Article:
I actually have some coils for in a kiln that I was starting ot look at using.

Your saying that the NiChrome that you were using was .19 thats pretty big wire, you must be thinking more like .019 which is pretty small stuff that would burn out pretty easy.

you next roaster I would try to only use two tube so that you can force as much air across the coils as possible, this will help to keep them cool.

even though the cement board got hot, it should of taken the temperature cement has a pretty high refactory rating by itself alone. McMasters and Carr carry Mica board in their catalog but i don't know if they do business in Aus.

Anyway as they say keep your chin up, it only took me a nearly a year to build mine,

If you knew anyone with some machine tools I could pour you up a lower section and you could have it finished there.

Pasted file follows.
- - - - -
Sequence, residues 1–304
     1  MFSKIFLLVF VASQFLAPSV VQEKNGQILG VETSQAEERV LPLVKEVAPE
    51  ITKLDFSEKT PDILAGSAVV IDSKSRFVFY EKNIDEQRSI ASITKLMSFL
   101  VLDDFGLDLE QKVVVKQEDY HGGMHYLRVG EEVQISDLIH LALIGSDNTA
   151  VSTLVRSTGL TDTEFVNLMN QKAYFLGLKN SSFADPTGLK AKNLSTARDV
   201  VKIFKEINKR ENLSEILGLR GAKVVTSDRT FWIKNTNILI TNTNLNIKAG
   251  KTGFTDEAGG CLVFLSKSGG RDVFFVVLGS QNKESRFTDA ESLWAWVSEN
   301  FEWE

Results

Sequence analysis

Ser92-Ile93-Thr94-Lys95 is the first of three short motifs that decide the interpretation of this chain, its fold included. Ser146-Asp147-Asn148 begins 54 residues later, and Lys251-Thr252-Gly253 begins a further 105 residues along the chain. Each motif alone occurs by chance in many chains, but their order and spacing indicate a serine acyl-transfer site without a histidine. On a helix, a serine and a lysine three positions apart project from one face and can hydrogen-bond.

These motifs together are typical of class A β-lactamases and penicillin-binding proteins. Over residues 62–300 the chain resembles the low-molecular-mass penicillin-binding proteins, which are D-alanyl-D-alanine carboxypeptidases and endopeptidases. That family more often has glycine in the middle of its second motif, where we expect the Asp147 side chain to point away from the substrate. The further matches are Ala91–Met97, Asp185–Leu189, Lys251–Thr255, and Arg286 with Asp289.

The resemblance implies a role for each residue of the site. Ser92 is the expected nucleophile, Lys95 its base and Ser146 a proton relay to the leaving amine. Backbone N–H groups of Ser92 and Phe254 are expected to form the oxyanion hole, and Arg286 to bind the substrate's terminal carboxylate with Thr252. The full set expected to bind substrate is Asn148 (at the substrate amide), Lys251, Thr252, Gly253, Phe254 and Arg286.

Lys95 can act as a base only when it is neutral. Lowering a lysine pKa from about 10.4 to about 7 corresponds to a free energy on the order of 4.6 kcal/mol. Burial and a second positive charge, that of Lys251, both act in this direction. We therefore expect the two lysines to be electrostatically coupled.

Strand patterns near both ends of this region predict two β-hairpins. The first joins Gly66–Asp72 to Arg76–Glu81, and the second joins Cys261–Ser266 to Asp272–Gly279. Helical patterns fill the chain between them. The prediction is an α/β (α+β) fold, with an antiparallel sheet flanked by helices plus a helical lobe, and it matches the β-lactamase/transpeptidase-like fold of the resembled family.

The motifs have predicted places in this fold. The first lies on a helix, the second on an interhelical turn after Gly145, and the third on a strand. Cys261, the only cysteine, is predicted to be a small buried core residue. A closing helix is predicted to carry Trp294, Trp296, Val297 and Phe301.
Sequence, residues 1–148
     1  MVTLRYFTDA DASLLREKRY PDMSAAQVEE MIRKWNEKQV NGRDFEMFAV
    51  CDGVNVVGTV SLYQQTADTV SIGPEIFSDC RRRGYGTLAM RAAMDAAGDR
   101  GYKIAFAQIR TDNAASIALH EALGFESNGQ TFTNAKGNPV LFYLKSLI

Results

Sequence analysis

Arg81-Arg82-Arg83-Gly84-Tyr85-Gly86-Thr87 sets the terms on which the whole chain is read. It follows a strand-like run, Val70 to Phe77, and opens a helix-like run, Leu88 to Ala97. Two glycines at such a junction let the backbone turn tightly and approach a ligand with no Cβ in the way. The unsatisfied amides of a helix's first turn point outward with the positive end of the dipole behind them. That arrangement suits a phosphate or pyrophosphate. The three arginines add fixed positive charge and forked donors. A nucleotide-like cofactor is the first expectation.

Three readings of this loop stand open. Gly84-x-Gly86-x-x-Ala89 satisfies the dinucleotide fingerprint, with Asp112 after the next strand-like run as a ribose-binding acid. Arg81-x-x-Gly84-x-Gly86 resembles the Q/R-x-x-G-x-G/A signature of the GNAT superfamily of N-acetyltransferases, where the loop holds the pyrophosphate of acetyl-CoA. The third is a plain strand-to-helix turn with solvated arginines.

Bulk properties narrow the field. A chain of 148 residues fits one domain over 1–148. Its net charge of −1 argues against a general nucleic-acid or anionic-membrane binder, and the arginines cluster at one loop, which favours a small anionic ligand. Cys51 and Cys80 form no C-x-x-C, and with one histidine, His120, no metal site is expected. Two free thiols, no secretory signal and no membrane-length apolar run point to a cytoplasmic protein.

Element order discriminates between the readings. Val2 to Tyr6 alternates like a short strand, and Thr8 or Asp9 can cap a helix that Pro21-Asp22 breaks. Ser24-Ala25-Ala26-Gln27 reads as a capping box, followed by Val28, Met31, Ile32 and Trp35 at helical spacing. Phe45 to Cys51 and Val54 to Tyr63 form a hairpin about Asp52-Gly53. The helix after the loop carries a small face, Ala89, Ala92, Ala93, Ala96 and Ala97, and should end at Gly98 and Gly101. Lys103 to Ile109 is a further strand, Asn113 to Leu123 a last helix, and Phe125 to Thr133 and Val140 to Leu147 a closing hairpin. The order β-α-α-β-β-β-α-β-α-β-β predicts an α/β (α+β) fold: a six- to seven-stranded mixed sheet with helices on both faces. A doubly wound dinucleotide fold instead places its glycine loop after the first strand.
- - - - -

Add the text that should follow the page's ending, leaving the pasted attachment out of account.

David.
I pour Iron and roast Coffee BeansThumbsUp
If life seems normal your not going fast enough Mario Andrette
 
greencardigan

Quote

dja wrote:
Your saying that the NiChrome that you were using was .19 thats pretty big wire, you must be thinking more like .019 which is pretty small stuff that would burn out pretty easy.

you next roaster I would try to only use two tube so that you can force as much air across the coils as possible, this will help to keep them cool.


yep you're right. 0.019"

Four parallel elements was definitely a bad design but that's the only elements I had to work with. I will look around for 2 x 2400W elements. I don't think I want to wind my own elements next time.